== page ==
Yeah, I watched it, too.
I wasn’t going to, and didn’t really want to, but there is such a dearth of original sports programming on the tube right now… I felt as though I had no choice.
ESPN’s The Last Dance aired Sunday. I knew it would be painful, but didn’t think it could compare to the agony experienced, courtesy of Michael Jordan, the first time around. I was wrong.
Because Michael Jordan was then, and remains today, the enemy. And Scottie Pippen will always be his overrated sidekick. And Phil Jackson is still the gangly, sanctimonious blowhard, who without MJ would never have risen beyond the ranks of quirky assistant coaches.
Some context here.
I started out a Michael Jordan fan. Liked him at Carolina, and had nothing against him when he joined the moribund Chicago Bulls for the 1984-85 season. The Bulls had never been a rival of the New York Knicks, and at that time there was no reason for concern over what the future might hold. As good as MJ was right from the get-go, many fans (including this one) regarded him as a helluva scorer who was incredibly entertaining to watch, but unlikely to ever win big. Because the scorers never did (see Wilkins, Dominique; or McAdoo, Bob).
When the Bulls faced the Celtics in the playoffs back in ’86, I enjoyed Michael’s coming out party like the rest of the country. I took particular delight in seeing him make what was, in my opinion, the best Celtics team ever assembled, sweat a little during their opening-round victory. It was the Celtics who still occupied prime head space when it came to Knicks fans and their NBA arch enemies, and we knew our time was coming with Bird & Co. showing signs of getting old.
For Knicks fans, our fortunes had begun to change during the postseason a year earlier, when we came out of the draft lottery with the first pick and Georgetown’s Patrick Ewing on the way.
Now the seven-foot Ewing was exactly the kind of player that carried a franchise to multiple titles, like Bill Russell had in the ’60’s, and Abdul-Jabbar more recently. When Rick Pitino came to town and began to change our losing culture a couple of years later, aided in large part by the enthusiasm of a young Mark Jackson at the point, the Knicks’ future appeared bright.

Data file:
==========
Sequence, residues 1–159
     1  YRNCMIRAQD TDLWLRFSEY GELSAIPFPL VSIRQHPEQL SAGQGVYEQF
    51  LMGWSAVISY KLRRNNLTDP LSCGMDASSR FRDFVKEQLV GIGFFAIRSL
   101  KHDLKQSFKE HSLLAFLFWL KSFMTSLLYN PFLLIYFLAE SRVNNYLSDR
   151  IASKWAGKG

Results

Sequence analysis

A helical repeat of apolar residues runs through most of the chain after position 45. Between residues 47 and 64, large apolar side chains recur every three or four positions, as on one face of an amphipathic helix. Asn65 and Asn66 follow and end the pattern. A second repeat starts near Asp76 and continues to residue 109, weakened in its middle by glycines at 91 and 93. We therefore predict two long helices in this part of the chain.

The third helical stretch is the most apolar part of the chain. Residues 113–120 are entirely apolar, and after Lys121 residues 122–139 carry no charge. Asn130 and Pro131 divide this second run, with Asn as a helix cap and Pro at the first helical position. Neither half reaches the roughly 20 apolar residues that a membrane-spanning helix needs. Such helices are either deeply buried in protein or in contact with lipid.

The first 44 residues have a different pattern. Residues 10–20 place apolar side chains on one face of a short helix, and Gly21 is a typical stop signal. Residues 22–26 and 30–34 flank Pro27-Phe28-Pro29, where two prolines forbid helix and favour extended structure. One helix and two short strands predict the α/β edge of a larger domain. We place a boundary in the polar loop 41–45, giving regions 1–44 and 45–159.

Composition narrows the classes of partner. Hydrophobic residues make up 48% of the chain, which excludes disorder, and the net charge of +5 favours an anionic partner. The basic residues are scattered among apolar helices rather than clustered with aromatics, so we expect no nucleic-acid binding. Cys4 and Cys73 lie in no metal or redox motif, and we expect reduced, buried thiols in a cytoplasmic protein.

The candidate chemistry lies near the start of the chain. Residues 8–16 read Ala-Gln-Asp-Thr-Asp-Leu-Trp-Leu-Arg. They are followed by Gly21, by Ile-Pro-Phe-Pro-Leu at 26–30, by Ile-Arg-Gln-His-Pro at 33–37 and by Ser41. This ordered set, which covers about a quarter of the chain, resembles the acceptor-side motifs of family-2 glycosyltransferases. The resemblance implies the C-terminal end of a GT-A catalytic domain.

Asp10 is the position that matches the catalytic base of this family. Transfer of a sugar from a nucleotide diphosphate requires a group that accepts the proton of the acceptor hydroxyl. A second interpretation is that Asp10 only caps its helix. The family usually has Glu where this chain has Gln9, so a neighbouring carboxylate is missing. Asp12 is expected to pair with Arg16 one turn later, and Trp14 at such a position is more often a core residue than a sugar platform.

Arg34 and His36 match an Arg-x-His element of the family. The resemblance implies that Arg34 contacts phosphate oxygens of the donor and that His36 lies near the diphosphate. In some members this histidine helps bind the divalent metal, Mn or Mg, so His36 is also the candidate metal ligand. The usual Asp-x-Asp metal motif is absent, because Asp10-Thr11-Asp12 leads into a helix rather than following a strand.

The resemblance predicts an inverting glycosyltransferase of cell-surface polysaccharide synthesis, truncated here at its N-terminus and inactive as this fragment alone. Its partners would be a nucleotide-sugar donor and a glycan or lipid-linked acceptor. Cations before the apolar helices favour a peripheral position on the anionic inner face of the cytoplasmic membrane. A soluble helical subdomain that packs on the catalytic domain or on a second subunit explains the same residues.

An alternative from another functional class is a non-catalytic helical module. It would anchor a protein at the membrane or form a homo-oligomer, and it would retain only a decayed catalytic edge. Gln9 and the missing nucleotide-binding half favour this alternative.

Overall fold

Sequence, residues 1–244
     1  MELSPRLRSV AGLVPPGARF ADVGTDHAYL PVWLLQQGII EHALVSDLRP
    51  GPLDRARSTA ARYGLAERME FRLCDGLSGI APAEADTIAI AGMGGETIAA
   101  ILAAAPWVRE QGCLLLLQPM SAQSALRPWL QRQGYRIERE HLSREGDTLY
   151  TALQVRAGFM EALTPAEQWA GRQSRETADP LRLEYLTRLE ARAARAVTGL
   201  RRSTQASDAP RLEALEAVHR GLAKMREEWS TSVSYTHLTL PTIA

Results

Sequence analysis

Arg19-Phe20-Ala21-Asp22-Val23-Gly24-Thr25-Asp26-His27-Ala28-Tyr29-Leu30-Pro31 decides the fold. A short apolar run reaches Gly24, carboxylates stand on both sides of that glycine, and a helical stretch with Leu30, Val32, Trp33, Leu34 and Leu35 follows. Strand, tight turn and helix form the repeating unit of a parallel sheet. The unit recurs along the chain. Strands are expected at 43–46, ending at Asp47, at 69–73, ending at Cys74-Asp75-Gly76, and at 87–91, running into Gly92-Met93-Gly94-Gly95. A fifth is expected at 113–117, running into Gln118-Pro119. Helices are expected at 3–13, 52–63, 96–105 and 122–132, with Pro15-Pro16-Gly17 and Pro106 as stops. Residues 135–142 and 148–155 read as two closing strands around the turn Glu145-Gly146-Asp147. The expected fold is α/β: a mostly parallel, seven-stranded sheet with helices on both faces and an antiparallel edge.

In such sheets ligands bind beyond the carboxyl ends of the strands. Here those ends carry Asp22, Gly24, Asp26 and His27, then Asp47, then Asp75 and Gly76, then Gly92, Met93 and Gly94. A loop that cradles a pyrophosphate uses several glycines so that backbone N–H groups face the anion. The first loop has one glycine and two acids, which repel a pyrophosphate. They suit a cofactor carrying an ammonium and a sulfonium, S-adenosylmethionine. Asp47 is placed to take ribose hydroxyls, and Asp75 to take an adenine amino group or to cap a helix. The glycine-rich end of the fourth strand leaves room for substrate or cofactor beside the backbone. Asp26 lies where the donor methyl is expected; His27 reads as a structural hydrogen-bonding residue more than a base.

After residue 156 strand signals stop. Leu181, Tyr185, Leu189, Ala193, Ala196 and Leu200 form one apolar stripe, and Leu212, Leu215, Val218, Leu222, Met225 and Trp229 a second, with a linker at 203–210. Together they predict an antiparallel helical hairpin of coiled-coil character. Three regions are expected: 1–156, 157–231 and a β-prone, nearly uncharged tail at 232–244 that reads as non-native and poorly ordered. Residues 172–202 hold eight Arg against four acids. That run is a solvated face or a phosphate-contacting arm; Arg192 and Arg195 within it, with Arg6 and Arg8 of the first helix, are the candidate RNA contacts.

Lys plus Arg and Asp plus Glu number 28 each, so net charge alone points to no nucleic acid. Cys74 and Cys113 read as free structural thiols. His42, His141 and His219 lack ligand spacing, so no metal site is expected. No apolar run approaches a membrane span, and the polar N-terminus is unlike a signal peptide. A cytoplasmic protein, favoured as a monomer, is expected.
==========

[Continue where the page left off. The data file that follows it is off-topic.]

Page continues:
SportsAttic Note: It seems unfathomable looking back today, but between the 1987-88 season — Pitino’s first in New York — and the 2000-2001 season — one year after Ewing’s last in New York — the Knicks made the postseason fourteen years in a row, including two appearances in the finals, and another two conference finals. Yes, the New York Knicks!
Pitino implemented a frenetic, high-pressure defensive system that featured a lot of full-court pressing, and surrounded Ewing with a bunch of raw, three-point shooting youngsters, and they rode that model to a 52-30 record and the 1988-’89 division crown. They swept the 76ers out in the first round in three straight (including a classless scene where they somehow found a push broom and brought in out onto the Philly floor when Game 3 had concluded) and moved on to the conference semis to face Michael and the Bulls.
The Bulls had won 47 games during the ’88-’89 season, and upset a 57-win Cavaliers team in the first round, with Jordan breaking hearts all across Cleveland with his jumper (The Shot) to win the deciding Game 5 over an outstretched Craig Ehlo — a moment that is certain to be captured in an upcoming episode of The Last Dance.
Still, the Knicks were division champs, and the Bulls entered the playoffs a seven-seed. We all knew Jordan was a force, but felt Chicago would simply be a stepping stone to the conference finals once Pitino figured out how to stop the Bulls only threat. Not so fast. The Bulls came into Madison Square Garden and stole home court advantage in Game 1 behind 34 points from Jordan, and in doing so sent a message to us Knicks fans that we had a real problem on our hands.